Medical Credit Cards Are Costly If You’re Not Careful
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Medical credit cards can provide a safety net when you need health care services you can’t afford or that aren’t covered by your insurance or Medicare. But if you don't understand how they work, that net could snap and send your finances into free fall.
Medical credit cards are available at the offices of health care professionals and veterinarians. You may even have seen applications from issuers such as CareCredit and Wells Fargo Health Advantage at the reception desk at your dentist or eye doctor. You can apply and be approved for the card right in the office.
Benefits for providers and patients
Used wisely, medical credit cards offer benefits to both health care providers and patients.
For providers, the cards enable their patients to get treatment they need without delay. The card issuer pays the charge upfront and assumes all the risk of the borrower not paying, so medical providers don’t have to be in the financing or debt collection business.
For patients, paying a little bit each month on a large bill lets them get treatment on a manageable budget — as long as they understand how these cards work.
The potential danger of 'no interest'
Let’s look at CareCredit, one of the most common medical credit cards. A CareCredit card has a maximum credit limit of $25,000. For charges of $200 or more, CareCredit offers "no-interest" promotional periods of six, 12, 18 and 24 months, depending on the provider. If you pay off your purchase within your promotional period, no interest will be charged. Say you make a $1,000 charge and have a six-month promo period. You could eliminate your debt within that time frame for about $167 a month. For many people, that’s much more doable than paying $1,000 at once.
However, CareCredit requires only that you make a minimum payment each month. The minimum may not be enough to eliminate your debt by the end of the no-interest promo period — and that's where you can get into trouble.
Unlike the 0% interest offers on most credit cards, the promotional period on medical credit cards is deferred interest. That means interest starts adding up as soon as you make the purchase. If you pay in full within the promo period, that interest is waived. But if you still have a balance at the end of the promo period, you have to pay all of that retroactive interest. The fine print in the CareCredit brochure states, “If the Amount Financed is not paid in full within the promo period, interest will be charged to your account from the purchase date.” The purchase interest rate: 26.99%.
CareCredit's website provides an example of what happens if you make only the minimum payment. In this case, the cardholder charges $1,200 and has a six-month promotional period. The minimum payment appears to be about 3.25% of the total balance:
Because the customer didn't pay off the entire balance in six months, all the interest that was accruing over the promo period lands on their statement in the seventh month. Despite having paid $216 so far, their original $1,200 debt has shrunk by only $66. If the customer kept paying only the minimum, it would take eight years to retire the debt, and they'd pay more in interest ($1,493) than they borrowed in the first place.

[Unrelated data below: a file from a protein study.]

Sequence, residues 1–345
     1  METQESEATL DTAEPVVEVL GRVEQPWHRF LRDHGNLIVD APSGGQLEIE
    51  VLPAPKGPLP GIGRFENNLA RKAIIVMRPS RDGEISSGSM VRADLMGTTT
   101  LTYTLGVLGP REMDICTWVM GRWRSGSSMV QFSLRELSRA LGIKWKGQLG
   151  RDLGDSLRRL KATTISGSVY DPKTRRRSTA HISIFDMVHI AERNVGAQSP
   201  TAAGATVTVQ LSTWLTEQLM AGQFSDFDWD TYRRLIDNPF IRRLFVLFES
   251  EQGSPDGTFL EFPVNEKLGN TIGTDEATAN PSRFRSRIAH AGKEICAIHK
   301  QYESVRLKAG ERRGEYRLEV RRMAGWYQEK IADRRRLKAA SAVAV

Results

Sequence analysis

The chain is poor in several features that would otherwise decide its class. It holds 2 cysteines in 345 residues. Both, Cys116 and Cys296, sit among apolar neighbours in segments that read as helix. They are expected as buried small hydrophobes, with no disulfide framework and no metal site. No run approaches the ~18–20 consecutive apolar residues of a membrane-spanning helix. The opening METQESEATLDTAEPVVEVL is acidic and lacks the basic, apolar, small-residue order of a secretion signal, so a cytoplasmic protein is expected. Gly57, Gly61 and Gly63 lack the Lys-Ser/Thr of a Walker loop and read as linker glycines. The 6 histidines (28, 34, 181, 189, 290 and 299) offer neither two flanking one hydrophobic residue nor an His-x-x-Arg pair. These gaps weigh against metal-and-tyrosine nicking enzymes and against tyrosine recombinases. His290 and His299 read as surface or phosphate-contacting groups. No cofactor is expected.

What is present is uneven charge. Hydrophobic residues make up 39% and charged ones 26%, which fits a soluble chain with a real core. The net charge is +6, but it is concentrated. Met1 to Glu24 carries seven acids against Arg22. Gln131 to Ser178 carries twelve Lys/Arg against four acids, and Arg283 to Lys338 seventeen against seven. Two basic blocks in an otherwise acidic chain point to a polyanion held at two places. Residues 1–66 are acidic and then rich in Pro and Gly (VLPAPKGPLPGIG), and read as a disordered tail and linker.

As an alternative to a "no-interest" period in which interest is silently adding up, CareCredit offers reduced rates of 14.90% for 24, 36 or 48 months on charges of $1,000 or more and 16.90% for 60 months for charges of $2,500 or more. With these rates, you make a fixed monthly payment for each month of the repayment period — making it more like a car loan than a credit card.
Mason Burnham, vice president for communications at Synchrony Financial, the parent of CareCredit, tells NerdWallet in an email that 87% of people who qualify for special financing choose the deferred interest option. She adds, "It is important to note that the vast majority of cardholders who select the deferred interest option completely pay off the promotion prior to its expiration, thus paying no interest."
What should you do?
If you can’t pay the bill for a certain treatment, don’t panic and immediately reach for a medical credit card application. Ask your provider whether you can work out a payment plan directly so you can get the treatment you need and pay for it over time without heavy interest.
If you do get a medical credit card, make a plan to have the debt paid off in time. Set a calendar alert well in advance of the end of the promo period to keep you on track. Better yet, set up automatic payments to be sure the balance is paid before the end of the promotional period. That’s a good rule to follow for any kind of no-interest promo period, whether on a medical credit card or on store financing for goods like furniture.
If you don’t understand the terms of the medical credit card, ask the provider’s staff to explain them to you. Certainly, if they’re representing and benefiting from this type of financing, they should understand it. If they don’t, call the issuer before you agree to open the account and have them explain the details.
An alternative for those with good credit is a regular credit card with an introductory 0% interest rate. Many cards offer 0% interest on purchases for 12 months or more, with no deferred interest. Even after the 0% period ends, the rate will often be lower than those on medical credit cards. If you think you may need expensive medical or veterinary procedures, consider applying for a 0% interest credit card now and using that instead of a medical credit card.
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